But surely (1)

Richy_T (111409) | more than 5 years ago | (#25328043)

this isn't like the web where it helps (but is still far from ideal) to have a few central authorities who sign certificates for many entities? This sounds like it would be more of a central thing. Why not just self-sign and publish the key fingerprints in papers, journals and whatever?

ANYONE BUT THE GOVERNMENT (1)

wudukes (1350923) | more than 5 years ago | (#25328063)

God they are so inept and currupt What about ICANN?

Service your implementation (1)

SleptThroughClass (1127287) | more than 5 years ago | (#25328147)

"This is in service of implementing DNSSEC"

I in service to knowing what you say.

Give the keys to Jon Postel (4, Insightful)

davidwr (791652) | more than 5 years ago | (#25328241)

I can't think of anyone more qualified [ietf.org] .

Yes, I know he's dead, but I still can't think of anyone more qualified.

Lame choice is no choice (4, Insightful)

Daimanta (1140543) | more than 5 years ago | (#25328307)

"On Thursday morning, a comment period will open on the various proposals on who should hold the keys and sign the root -- ICANN, Verisign, or the US government's NTIA."

ICANN: Organisation situated in the US, can be heavily influenced and controlled the US government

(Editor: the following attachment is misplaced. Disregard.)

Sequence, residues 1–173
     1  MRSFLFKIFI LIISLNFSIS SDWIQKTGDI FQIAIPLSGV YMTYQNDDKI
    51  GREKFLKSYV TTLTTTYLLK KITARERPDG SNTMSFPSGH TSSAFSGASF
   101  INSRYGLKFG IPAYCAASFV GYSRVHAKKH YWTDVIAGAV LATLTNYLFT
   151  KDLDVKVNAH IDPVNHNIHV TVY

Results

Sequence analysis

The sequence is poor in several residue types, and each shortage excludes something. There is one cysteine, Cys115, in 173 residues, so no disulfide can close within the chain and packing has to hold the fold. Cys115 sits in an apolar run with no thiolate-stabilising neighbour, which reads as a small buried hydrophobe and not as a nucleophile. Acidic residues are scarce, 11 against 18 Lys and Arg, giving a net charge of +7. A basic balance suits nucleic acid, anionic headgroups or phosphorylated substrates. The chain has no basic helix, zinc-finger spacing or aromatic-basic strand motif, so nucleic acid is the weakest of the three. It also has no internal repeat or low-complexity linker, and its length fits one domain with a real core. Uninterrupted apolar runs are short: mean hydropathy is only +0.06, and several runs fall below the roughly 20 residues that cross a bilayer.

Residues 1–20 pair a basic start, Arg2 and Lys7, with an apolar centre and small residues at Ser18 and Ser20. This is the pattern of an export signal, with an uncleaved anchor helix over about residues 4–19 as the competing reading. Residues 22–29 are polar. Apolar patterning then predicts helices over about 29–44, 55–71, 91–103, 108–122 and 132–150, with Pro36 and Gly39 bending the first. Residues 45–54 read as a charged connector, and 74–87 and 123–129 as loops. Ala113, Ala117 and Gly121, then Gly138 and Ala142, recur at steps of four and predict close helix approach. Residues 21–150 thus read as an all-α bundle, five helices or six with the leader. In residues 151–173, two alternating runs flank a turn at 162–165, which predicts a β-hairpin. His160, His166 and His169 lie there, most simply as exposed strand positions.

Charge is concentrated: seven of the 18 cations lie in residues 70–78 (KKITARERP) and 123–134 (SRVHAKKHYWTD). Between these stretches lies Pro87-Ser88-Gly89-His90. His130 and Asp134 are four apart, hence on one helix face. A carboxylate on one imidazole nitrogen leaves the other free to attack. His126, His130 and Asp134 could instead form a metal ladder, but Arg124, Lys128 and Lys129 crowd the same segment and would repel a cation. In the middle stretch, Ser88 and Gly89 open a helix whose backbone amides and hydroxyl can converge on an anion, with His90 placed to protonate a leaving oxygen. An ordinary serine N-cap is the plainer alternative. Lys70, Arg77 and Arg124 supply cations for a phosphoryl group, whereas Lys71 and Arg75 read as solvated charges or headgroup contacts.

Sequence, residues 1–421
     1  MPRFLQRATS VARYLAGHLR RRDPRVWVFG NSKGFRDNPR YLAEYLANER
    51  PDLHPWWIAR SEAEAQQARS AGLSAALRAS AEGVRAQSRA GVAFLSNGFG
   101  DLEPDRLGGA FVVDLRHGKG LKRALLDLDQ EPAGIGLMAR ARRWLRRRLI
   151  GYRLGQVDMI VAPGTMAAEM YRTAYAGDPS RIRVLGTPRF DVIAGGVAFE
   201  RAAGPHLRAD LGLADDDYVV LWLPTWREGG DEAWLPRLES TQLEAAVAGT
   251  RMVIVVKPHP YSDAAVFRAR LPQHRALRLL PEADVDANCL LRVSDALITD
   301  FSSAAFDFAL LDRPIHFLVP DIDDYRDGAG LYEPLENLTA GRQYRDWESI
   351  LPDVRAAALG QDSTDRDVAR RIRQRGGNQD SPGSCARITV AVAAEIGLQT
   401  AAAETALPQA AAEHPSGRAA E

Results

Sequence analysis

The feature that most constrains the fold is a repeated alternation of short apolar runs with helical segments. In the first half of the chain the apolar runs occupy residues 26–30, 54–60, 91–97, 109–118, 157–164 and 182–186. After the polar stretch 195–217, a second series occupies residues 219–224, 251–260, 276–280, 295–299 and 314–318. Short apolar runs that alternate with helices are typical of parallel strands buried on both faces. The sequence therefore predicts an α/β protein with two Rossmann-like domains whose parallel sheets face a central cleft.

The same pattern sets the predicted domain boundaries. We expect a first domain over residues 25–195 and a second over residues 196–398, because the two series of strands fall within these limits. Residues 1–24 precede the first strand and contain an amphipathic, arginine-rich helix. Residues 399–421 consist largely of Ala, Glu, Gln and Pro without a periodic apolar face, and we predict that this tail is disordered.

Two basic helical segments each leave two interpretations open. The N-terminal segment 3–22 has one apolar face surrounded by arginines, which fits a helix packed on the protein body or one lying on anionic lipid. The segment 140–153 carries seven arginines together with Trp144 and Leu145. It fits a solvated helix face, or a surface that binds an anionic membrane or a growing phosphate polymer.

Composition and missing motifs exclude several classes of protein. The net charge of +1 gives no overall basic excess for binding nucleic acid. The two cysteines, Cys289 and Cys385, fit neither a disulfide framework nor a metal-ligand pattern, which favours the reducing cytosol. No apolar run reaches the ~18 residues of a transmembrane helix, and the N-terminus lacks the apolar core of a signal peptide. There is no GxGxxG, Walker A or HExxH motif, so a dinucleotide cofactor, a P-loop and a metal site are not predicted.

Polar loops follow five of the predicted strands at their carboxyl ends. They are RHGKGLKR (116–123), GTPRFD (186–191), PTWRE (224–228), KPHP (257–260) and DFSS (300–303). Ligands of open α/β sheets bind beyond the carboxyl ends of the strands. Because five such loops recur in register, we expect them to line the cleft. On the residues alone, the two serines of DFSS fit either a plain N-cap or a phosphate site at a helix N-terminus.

Verisign: Private company that is only interested in profit and is situated mostly in the US thereby it can be heavily influenced and controlled the US government
NTIA: US government

CHOOSE: US, US, or US

American election time!

GPS? (0)

Anonymous Coward | more than 5 years ago | (#25328517)

Lets hide the key somewhere and let the geocachers find it. First one to find it wins

Terrorism (1)

SmarkWoW (1382053) | more than 5 years ago | (#25328683)

Not that I blindly trust the US government but certain issues need to be taken into account if we're prepared to fully trust a private company to do this...

Terrorism seems to have become a big thing in the US. How do companies like ICANN and VeriSign propose to protect such a crucial part of the internet from a potential attack? Consider both a physical and virtual attack.

Oooh, I know (1)

RalphSleigh (899929) | more than 5 years ago | (#25328767)

Give it to the EU, then just hope you never need anything changed.

It's only the DNS root, nothing critical to the internet working like IP address allocation or proper routing.

servers (0, Flamebait)

ralph1 (900228) | more than 5 years ago | (#25328989)

That from a fucktard who thinks your so stupid to change from republicanism to republicanism and cant work a computer.
Load More Comments
Slashdot Login

Need an Account?

Forgot your password?

Submission Text Formatting Tips

We support a small subset of HTML, namely these tags:

  • b
  • i
  • p
  • br
  • a
  • ol
  • ul
  • li
  • dl
  • dt
  • dd
  • em
  • strong
  • tt
  • blockquote
  • div
  • quote
  • ecode

"ecode" can be used for code snippets, for example:

<ecode>    while(1) { do_something(); } </ecode>